The Volokh Conspiracy

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Will There Finally be Some Development on the Land Condemned in Kelo v. City of New London?

A new development project may finally build new housing on on property whose condemnation for purposes of "economic development" was upheld by the Supreme Court in a controversial 2005 decision.


The former site of Susette Kelo's house, May 2014. Photo by Ilya Somin.


The recent release of Justice John Paul Stevens' papers have attracted new attention to the Supreme Court's controversial 2005 ruling in Kelo v. City of New London, the 5-4 decision in which the justices ruled that the condemnation of homes for "private economic development" is permissible under the Takings Clause of the Fifth Amendment, which only allows takings that are for a "public use." Notoriously, the development project that supposedly justified the condemnations fell through, and nothing was actually built on the property where the dispossessed owners' homes previously stood. Since the last homeowners were forced out and their houses torn down, the only regular users of the condemned land were a colony of feral cats.

Feral cat on the site of one of the properties condemned in the Kelo case, 2011 (photo by Jackson Kuhl).


That may now be in the process of changing. While I missed the news at the time, in January the Renaissance City Development Association (the private nonprofit development firm formerly known as the New London Development Corporation, which took ownership of the property after it was taken by eminent domain) sold the condemned land to a developer, which may plan to build new housing on it. The New London Day reported some details on January 19:

[A]ll the properties on the Fort Trumbull peninsula are slated for development.

Parcels on the peninsula, which also is home to Fort Trumbull State Park, have been vacant for almost 20 years. The land was cleared for development in a move by the city that led to the landmark 2005 U.S. Supreme Court decision, Kelo v. New London, about the use of eminent domain….

The land is owned and marketed by the city's development arm, the Renaissance City Development Association.

According to a development agreement between RCDA and RJ Development, parcels labeled 1A and 3C were sold for $500,000 and parcel 4A was sold for $1. The developer agreed to pay a $30,000 deposit to show its commitment.

The agreement states the projects on the property will primarily consist of, but will not be limited to, "the construction of residential units to be offered for market rate sale or rent/lease," with the associated parking and other improvements.

Parcels 3C (formerly part of a larger unit called Parcel 3) and 4A are the former sites of the residential properties condemned in the Kelo litigation. Susette Kelo's famous "little pink house," which became a nationally known symbol of the case, was on 4A.

A later story, published on February 3, provides some additional information, including that the low price of Parcel 4A was because of the "cost of remediating the remaining contamination of soil and groundwater." That contamination apparently developed during the long period when the parcel lay empty.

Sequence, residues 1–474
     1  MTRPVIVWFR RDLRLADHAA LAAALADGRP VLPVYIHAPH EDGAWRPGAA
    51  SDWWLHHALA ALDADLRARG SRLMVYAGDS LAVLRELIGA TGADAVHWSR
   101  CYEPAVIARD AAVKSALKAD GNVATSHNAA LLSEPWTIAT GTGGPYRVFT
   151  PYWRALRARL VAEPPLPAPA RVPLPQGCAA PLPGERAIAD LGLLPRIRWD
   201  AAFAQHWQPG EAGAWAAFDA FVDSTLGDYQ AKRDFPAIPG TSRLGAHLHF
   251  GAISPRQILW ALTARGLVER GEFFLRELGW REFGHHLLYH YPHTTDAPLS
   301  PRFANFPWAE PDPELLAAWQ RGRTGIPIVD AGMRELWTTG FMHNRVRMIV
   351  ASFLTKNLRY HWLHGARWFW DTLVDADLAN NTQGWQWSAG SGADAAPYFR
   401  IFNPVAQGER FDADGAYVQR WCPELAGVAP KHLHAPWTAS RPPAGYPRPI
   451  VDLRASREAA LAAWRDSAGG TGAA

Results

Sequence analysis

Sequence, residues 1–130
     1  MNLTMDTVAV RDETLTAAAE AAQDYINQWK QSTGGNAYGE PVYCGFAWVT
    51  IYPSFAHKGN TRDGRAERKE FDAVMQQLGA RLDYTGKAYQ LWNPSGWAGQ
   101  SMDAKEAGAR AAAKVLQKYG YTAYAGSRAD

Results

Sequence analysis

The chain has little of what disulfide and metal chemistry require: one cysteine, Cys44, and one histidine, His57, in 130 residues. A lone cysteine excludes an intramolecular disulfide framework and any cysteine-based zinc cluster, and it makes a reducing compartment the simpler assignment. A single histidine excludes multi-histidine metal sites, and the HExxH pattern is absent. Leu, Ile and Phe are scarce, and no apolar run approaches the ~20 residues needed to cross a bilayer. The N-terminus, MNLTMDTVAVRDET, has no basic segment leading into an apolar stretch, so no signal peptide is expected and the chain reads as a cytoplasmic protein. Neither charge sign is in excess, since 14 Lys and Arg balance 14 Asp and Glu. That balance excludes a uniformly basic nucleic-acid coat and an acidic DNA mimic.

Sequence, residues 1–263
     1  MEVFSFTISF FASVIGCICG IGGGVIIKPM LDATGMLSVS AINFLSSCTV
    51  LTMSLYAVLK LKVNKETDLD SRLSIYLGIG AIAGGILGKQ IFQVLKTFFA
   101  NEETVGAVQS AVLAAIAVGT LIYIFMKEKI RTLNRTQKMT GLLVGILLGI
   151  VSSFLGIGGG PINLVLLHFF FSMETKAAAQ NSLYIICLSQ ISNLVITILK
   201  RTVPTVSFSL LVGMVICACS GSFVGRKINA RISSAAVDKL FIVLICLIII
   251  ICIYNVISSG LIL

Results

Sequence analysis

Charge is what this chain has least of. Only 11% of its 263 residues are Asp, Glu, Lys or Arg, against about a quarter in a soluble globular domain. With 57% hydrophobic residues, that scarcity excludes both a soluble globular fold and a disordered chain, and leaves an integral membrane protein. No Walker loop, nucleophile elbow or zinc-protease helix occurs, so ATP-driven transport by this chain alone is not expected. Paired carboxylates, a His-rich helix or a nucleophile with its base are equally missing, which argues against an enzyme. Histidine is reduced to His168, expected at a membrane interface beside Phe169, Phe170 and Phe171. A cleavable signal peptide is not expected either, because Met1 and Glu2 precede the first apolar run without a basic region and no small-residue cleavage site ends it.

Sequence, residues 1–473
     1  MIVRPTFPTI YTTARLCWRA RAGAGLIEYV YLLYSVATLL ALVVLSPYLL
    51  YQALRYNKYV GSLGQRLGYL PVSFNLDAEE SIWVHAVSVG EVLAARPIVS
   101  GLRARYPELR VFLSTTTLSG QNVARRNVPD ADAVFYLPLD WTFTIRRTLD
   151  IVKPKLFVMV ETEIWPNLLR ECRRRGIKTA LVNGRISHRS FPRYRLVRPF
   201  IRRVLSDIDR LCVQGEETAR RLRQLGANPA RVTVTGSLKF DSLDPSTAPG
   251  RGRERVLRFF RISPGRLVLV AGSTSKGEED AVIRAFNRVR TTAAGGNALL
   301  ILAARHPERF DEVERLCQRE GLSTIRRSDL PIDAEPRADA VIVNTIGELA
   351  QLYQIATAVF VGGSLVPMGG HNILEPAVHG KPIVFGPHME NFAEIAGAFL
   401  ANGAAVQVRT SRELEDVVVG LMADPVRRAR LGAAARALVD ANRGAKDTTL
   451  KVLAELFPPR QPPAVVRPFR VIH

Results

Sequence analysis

I have not been able to find any further  information on what exactly RJ Development plans to build and when construction will be completed. The project is not listed on their website, which does however describe in detail another project they are doing in the area. I have contacted RJ Development to see if they are willing to provide any details. If I learn anything of interest, I will post it right here at the Volokh Conspiracy blog!

Since 2005, several efforts to redevelop the condemned land have fallen through. Hopefully, this one will succeed. But even if it does, I don't think it will  somehow vindicate the Kelo condemnations. The new development initiative is obviously different from the badly misconceived plan that led to the use of eminent domain over twenty years ago. Moreover, by the time any construction is completed, the land will have lain unused (except by feral cats!) for nearly twenty years. From the standpoint of promoting development, that's an enormous waste.

The region would almost certainly have been better off economically if the original owners had been allowed to keep living there, paying property taxes, and contributing to the local economy. And that doesn't even consider the enormous pain and suffering the original development project inflicted on those who lost their homes (including some who sold them "voluntarily" as a result of harassment and the threat of eminent domain). I describe the history of the condemnation process and the harm it inflicted in much more detail in  The Grasping Hand: Kelo v. City of New London and the Limits of Eminent Domain, my book about the Kelo case and its aftermath.

As I have previously emphasized in the book and elsewhere, the flaws in the New London development project don't necessarily prove that the Court got the Kelo decision wrong. Plenty of unjust and ill-conceived government policies are still legal. But there are in fact compelling reasons to reject the Court's reasoning, from the standpoint of both originalism and living constitutionalism. At least four current Supreme Court justices have expressed interest in revisiting and possibly overruling Kelo, and I hope it will indeed eventually be overruled. In the meantime, I will do what I can to find out what, if anything, is going to be built on the two parcels.